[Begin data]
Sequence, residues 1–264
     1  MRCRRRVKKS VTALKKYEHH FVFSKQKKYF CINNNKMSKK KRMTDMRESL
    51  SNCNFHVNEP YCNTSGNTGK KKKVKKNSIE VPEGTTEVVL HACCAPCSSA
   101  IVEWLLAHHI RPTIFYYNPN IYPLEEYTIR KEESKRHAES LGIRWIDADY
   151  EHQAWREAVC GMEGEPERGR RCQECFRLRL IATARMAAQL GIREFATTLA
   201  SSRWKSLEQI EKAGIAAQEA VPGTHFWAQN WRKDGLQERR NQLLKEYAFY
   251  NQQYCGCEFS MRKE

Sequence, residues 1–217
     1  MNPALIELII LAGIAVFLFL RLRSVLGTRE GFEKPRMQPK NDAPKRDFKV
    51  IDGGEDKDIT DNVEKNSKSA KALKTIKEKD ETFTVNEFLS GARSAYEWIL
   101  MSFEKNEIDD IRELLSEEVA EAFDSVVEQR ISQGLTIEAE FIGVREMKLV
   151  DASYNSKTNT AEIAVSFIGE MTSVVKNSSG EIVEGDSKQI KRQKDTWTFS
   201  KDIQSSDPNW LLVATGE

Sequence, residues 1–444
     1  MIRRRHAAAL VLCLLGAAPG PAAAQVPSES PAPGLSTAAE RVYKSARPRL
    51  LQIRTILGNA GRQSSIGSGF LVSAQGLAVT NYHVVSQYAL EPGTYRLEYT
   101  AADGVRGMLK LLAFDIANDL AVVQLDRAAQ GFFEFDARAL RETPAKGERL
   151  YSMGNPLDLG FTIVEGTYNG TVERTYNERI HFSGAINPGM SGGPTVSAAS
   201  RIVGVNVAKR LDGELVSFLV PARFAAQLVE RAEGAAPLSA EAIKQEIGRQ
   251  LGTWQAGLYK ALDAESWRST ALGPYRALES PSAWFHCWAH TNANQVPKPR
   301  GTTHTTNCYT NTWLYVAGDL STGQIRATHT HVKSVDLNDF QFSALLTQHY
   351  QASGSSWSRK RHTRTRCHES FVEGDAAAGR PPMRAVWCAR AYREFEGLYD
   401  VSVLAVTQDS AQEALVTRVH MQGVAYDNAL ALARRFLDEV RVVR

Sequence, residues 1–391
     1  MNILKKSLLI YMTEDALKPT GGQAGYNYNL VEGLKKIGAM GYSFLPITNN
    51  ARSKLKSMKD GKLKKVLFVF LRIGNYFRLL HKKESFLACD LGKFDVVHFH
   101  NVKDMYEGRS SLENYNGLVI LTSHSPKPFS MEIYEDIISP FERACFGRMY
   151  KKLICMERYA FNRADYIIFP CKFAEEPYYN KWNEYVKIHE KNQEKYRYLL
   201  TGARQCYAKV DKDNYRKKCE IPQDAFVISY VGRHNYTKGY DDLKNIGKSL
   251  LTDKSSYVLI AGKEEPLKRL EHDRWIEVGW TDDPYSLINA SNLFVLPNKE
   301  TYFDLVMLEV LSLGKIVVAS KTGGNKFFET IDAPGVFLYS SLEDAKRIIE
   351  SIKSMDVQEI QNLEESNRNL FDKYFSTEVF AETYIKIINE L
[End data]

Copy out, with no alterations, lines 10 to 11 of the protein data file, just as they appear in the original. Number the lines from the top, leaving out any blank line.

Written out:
    51  IDGGEDKDIT DNVEKNSKSA KALKTIKEKD ETFTVNEFLS GARSAYEWIL
   101  MSFEKNEIDD IRELLSEEVA EAFDSVVEQR ISQGLTIEAE FIGVREMKLV